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Sports Medicine

, Volume 32, Issue 13, pp 851–865 | Cite as

Extracorporeal Shockwave Therapy

A Review
  • Bryan Chung
  • J. Preston Wiley
Review Article

Abstract

Extracorporeal shockwave therapy (ESWT) has been in use for the treatment of tendinopathies since the early 1990s. The exact mechanism by which ESWT relieves tendon-associated pain is not known; however, there is an increasing body of literature that suggests that it can be an effective therapy for patients who have had repeated nonsurgical treatment failures. The highest strength of evidence is shown in randomised controlled trials, of which there are a small number. Reported results for tendinopathies of the shoulder, elbow and heel have shown consistent positive results in favour of ESWT over placebo ESWT in individuals who have failed conservative therapy. These studies provide strong evidence for ESWT as an effective therapy for the treatment of chronic treatment-resistant tendinopathies. There is still much debate over several issues surrounding ESWT that have not been adequately addressed by the literature: high- versus low-energy ESWT, shockwave dosage and number of sessions required for a therapeutic effect. Further research is needed to ascertain the most beneficial protocol for patient care.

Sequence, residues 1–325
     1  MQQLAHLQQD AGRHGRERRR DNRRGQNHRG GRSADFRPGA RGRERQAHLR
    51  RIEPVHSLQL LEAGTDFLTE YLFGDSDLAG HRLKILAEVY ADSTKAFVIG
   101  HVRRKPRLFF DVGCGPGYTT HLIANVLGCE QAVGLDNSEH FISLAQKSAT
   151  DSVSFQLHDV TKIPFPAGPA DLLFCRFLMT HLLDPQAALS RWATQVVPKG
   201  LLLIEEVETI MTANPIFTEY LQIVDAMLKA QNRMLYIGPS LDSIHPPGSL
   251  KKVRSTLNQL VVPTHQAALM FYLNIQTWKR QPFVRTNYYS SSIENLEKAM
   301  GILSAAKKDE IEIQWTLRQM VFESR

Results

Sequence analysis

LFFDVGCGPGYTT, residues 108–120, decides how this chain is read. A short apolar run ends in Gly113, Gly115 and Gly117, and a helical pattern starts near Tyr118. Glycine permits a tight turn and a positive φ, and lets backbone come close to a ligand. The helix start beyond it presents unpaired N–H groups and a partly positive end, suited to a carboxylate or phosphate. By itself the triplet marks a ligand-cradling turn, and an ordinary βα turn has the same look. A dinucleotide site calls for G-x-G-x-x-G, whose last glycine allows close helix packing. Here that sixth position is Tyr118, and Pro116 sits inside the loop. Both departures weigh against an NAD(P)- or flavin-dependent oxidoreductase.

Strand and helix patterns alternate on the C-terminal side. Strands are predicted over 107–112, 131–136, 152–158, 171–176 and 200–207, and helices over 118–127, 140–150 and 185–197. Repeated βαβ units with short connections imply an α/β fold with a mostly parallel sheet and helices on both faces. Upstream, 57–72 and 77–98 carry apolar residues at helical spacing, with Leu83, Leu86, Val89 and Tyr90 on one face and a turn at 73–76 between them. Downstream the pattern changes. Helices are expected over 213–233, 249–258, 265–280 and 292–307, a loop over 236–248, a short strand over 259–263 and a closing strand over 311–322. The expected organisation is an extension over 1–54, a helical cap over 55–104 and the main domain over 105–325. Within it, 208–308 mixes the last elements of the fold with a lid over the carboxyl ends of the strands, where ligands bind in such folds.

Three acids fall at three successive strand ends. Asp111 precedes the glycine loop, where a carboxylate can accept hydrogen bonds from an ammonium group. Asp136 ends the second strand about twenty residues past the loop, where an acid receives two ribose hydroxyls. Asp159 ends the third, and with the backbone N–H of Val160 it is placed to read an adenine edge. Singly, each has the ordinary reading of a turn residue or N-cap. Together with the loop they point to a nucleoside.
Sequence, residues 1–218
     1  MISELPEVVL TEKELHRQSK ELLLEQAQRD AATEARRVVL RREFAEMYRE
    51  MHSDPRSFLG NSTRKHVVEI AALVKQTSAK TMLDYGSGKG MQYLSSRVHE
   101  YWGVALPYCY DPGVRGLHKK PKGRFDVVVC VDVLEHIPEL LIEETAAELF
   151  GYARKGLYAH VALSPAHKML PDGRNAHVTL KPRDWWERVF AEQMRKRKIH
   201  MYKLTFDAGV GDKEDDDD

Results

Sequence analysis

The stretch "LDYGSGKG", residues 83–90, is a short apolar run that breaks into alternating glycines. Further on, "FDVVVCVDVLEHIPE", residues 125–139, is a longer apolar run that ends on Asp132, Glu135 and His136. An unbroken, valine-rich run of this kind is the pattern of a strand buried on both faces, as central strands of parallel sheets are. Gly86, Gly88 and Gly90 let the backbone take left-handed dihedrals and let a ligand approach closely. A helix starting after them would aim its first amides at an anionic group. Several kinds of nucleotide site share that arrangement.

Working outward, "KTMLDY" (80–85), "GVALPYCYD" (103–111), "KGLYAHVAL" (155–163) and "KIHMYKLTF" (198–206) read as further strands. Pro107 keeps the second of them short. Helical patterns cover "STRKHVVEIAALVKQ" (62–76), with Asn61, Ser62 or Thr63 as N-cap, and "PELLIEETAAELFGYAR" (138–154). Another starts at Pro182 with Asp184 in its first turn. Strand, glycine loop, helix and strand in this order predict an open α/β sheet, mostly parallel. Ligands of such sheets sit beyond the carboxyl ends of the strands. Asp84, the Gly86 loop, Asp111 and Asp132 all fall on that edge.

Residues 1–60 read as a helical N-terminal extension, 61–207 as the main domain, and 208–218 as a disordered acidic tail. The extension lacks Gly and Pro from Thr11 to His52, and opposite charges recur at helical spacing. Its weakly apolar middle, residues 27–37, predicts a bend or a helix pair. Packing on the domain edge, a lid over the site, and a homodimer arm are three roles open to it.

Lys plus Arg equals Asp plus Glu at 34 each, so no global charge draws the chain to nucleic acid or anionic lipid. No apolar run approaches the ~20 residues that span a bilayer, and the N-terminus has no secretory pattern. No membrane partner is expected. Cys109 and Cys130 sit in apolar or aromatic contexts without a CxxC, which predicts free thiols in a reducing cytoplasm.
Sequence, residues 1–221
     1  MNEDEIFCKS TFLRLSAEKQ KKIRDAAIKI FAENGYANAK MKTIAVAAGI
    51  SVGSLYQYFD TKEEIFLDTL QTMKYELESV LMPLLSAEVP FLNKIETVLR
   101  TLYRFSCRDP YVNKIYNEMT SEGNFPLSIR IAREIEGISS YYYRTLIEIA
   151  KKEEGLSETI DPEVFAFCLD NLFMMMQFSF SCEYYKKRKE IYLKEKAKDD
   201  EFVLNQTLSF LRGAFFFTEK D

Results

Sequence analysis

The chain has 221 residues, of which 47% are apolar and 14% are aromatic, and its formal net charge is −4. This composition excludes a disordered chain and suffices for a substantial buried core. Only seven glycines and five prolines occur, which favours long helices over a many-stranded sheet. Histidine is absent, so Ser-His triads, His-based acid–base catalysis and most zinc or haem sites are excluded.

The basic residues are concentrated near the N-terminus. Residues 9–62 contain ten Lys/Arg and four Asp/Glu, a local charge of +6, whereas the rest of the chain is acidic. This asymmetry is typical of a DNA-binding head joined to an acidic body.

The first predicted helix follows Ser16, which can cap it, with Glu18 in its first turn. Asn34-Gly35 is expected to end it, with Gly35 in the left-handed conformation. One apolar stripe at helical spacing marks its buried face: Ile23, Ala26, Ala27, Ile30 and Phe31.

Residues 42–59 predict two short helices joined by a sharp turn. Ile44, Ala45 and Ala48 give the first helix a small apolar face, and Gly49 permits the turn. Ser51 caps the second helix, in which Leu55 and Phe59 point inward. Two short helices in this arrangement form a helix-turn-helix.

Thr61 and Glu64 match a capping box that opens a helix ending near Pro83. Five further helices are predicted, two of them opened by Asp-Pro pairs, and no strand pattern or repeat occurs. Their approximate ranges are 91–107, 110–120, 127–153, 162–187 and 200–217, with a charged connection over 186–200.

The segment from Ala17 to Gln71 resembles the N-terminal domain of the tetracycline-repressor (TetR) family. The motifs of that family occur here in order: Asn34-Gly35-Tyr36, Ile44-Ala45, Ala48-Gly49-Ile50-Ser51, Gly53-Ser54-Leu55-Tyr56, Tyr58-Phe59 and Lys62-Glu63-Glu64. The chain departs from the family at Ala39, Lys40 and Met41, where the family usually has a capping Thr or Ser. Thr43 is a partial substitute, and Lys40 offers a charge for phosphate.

Keywords

Visual Analogue Scale Score Energy Density Constant Score Epicondylitis Heel Pain 
These keywords were added by machine and not by the authors. This process is experimental and the keywords may be updated as the learning algorithm improves.

Notes

Acknowledgements

The authors did not receive grants or outside funding in support of their preparation of this manuscript. They did not receive payments or other benefits or a commitment or agreement to provide such benefits from a commercial entity. No commercial entity paid or directed, or agreed to pay or direct any benefits to any research fund, foundation, educational institution or other charitable or nonprofit organisation with which the authors are affiliated or associated.

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Copyright information

© dis International Limited 2002

Authors and Affiliations

  1. 1.Sport Medicine CentreUniversity of CalgaryCalgaryCanada

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